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Posts Tagged ‘documentary’

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This incredibly moving documentary tells the story of the early days of the AIDS crisis in San Francisco in the early 1980s, by people who lived through it. Four gay men and one female AIDS nurse recount the terror, the heartbreak and the anger at seeing their friends die, at the complacency of the government and the prejudice against the gay community. The film will break your heart and make you angry – in just three years in San Francisco along 15,500 young men died of AIDS – and the government did nothing. (In fact, it wasn’t until 1985 when Reagan’s friend Rock Hudson succumbed to the disease that the then president even uttered the term ‘AIDS’).

As upsetting as it is to watch, this is a story that needs to be heard, and it is filmed with courage and compassion. I urge everyone to watch it.

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Morgan Spurlock, best known for his documentary Supersize Me, approaches a new subject with this documentary film – product placement and advertising. He aims to show the viewer the process of how products come to featured in blockbuster films, and the compromises that the film-makers have to make in order to receive the money from the product makers. The twist here is that this whole documentary film is paid for by those who make the products he features in this film!

It’s an interesting concept, and there are a lot of laughs, as Spurlock approaches many companies to see if they would be interested in having their products placed in his film, for a sizeable fee. Many companies – including McDonalds, Coke and Pepsi – didn’t even return his calls. Many did – Volkswagen, for instance – but only to say that they weren’t interested. However, he did manage to interest several other companies in taking part, including: Pom Wonderful, Mane ‘n Tail (who did not pay to be included, but provided free product to be shown in the film), Sheetz, Amy’s Kitchen, The Aruba Tourism Authority and Ban Deodorant.

For me, the most interesting aspect of the film was how companies make the film-maker bend to their will, when it comes to depicting their products. Understandable in a way – who wants their products to look useless or inferior to others on the market? However, at one point in the film, Spurlock approaches Pom Wonderful with three ideas on how he was going to feature their product (a drink made from Pomegranate juice) in his film. They shot down all three ideas, and basically told him how they wanted it shown. In other words, for the money they pay, the manufacturers of products can have a significant impact on how a story is told. So the film-maker has to compromise his integrity and ‘sell out’ at least a little.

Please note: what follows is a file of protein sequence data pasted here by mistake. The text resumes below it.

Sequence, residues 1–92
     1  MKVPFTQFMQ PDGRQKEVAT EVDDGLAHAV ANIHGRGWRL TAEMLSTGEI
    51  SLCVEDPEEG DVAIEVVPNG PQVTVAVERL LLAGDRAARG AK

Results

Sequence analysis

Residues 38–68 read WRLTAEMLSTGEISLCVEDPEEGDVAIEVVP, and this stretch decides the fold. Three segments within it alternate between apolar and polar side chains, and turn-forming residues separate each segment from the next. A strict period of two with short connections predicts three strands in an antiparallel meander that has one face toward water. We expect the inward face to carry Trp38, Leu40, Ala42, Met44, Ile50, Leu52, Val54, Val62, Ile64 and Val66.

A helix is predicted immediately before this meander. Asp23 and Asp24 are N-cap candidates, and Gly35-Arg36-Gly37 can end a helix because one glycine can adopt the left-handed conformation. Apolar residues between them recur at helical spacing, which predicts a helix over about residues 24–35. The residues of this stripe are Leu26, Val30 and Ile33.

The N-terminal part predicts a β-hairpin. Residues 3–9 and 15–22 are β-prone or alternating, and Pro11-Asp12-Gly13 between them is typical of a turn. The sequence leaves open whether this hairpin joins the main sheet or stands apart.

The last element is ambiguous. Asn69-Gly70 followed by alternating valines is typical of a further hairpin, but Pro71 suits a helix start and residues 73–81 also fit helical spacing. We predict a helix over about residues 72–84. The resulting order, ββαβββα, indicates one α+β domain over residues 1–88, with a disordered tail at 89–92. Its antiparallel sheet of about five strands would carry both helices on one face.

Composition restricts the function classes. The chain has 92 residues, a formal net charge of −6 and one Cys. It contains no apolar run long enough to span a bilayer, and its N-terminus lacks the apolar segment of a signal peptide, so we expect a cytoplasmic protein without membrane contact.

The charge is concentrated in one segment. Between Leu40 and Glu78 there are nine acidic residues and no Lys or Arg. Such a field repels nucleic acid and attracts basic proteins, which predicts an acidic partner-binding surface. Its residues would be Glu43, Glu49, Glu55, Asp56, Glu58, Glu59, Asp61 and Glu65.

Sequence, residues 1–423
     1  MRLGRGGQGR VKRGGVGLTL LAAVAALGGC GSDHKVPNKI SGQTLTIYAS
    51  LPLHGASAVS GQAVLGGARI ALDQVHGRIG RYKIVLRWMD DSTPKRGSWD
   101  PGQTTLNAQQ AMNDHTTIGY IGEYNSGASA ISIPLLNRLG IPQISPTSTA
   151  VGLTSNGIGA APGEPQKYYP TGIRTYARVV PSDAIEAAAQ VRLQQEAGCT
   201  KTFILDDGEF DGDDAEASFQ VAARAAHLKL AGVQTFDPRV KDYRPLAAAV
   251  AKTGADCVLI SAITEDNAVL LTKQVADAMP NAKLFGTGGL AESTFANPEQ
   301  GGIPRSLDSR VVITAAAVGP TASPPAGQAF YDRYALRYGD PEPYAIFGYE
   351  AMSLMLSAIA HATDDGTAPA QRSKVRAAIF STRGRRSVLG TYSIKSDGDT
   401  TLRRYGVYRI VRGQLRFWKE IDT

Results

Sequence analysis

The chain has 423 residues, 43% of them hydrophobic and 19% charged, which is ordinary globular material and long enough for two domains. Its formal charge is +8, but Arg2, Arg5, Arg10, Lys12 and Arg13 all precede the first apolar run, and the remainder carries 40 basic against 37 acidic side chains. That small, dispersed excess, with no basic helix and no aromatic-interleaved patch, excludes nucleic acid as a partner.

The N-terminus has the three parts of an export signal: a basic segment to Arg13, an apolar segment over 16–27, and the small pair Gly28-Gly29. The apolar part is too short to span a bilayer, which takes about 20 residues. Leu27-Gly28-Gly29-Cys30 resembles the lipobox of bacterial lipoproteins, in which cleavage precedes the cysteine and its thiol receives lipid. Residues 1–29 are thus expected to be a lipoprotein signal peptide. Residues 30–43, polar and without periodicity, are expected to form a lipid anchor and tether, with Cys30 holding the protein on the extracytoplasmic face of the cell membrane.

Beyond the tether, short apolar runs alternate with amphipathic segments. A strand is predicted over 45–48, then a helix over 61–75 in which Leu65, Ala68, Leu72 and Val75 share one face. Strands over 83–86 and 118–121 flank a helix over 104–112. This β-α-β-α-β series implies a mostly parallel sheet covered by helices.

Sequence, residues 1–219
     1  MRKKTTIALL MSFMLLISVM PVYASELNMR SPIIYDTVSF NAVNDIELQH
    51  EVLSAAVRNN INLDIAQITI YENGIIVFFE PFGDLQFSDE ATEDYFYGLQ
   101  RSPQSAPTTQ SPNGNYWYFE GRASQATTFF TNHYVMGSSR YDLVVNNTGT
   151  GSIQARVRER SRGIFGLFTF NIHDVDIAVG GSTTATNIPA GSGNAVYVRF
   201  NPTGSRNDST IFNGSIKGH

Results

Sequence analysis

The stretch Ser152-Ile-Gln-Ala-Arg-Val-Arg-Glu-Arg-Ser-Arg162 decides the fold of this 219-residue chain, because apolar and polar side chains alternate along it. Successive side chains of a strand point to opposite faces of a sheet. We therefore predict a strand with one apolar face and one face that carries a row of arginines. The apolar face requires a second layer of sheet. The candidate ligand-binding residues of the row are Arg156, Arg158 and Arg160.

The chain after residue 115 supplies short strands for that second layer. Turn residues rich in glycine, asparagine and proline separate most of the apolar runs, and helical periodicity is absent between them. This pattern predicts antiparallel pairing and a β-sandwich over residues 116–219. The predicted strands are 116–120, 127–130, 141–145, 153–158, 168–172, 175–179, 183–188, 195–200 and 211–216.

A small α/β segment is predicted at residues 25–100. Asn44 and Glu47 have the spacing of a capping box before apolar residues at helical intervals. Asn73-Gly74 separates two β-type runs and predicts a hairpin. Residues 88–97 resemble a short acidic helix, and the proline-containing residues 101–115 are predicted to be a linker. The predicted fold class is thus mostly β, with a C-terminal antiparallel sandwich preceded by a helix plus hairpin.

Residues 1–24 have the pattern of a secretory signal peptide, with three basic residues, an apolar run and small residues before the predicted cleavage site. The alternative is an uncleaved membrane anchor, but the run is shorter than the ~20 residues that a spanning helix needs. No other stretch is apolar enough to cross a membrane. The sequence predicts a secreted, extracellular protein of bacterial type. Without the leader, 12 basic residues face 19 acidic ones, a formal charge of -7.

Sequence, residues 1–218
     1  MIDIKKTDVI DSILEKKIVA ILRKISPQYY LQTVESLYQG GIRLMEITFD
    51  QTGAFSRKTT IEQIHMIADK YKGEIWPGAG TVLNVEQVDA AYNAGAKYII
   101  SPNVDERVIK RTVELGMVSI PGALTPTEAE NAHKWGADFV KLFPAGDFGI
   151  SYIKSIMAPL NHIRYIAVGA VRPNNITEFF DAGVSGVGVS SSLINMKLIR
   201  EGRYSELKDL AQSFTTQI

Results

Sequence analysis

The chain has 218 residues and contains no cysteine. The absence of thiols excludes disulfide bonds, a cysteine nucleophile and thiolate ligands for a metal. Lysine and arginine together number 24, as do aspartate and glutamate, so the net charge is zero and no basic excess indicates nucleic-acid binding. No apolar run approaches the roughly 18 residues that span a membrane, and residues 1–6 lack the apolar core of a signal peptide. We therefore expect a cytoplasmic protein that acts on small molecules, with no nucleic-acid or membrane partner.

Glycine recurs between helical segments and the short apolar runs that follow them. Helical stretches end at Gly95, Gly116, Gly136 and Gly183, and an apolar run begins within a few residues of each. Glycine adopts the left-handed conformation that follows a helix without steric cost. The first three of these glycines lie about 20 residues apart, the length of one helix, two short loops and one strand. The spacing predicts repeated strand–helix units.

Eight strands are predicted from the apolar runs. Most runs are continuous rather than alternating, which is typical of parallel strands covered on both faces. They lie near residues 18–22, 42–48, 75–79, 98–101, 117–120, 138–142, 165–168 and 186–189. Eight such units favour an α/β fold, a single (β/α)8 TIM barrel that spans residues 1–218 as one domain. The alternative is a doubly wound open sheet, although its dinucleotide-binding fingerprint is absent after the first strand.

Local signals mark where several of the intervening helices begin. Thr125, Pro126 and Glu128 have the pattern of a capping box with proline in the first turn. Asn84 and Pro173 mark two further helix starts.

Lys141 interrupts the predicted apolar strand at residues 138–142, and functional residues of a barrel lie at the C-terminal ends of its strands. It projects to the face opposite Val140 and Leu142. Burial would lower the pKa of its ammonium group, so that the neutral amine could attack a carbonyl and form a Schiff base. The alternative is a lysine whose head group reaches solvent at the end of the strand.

It’s an interesting documentary – Spurlock is always an engaging and witty presenter. However, while I enjoyed watching it, I didn’t really feel that it told me anything that wasn’t already obvious to anyone who gave a bit of thought to the subject (although, how many of us really do think about it?). Of course, manufacturers will want their products shown in the most positive light, of course, they’re going to pay for the privilege, and in that case, then naturally they will have some say over the completed film. Spurlock shows his pitches to various companues, and also talks to a number of film-makers, producers and other experts, to get their thoughts on the subject.

It all kinds of folds in on itself though, if you really think about the concept. The film actually is Spurlock asking people to finance his film. They’re financing a film, which is basically him asking them to do that! Nonetheless, it’s entertaining and witty, and worth watching, especially if you are a fan of Spurlock’s other work.

Year of release: 2011

Director: Morgan Spurlock

Producers: Keith Calder, Jeremy Chilnick, Elyssa Hess, Eliza Hindmarch, Abbie Hurewitz, Jonathan McHugh, Morgan Spurlock, Sebastian Weinberg, Jessica Wu

Writers: Morgan Spurlock, Jeremy Chilnick

Main cast: Morgan Spurlock, Noam Chomsky, Peter Berg, J J Abrams, Quentin Tarantino

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This is the genuinely entertaining tale of French wirewalker Philippe Petit, who in 1974, commited an astonishingly audacious act when he managed to get a wire across the roofs of the World Trade Centre, New York, and walked across it several times.  The act was of course illegal, but it amazed and delighted people so much that the punishment taken against Petit was incredibly minor (in fact, he became an instant celebrity)!

This film charts the whole event, from the first idea of it, to the actual carrying out of it (for which Phillipe and his team had to carry out acts of subterfuge and deception).  The story is told by Phillipe himself, and the friends who helped him. Phillipe is an engaging and excitable narrator, and the footage taken from the actual events is fascinating.  Even though we know that he carried out the wirewalking extremely well (he is after all narrating the story, so we know that he survived it!) there are still some genuinely heartstopping moments when you see him step out onto the wire.

It wasn’t the first time he had done such a thing – he wirewalked across Notre Dame, and over the top of the Sydney Harbour Bridge, and these events are covered in the story.

Phillipe appears to feel when he is on the wire, whether it be his practice wire, or during any one of his daring acts.  He displays more ease and elegance than many people do on the ground!

All in all, this is a fascinating tale of an audacious, outrageous and simply brilliant performance – well worth watching.

Year of release: 2008

Director: James Marsh

Writer: Philippe Petit (book)

Main cast: Philippe Petit, Jean Francois Heckel, Jean-Louis Blondeau, Annie Allix

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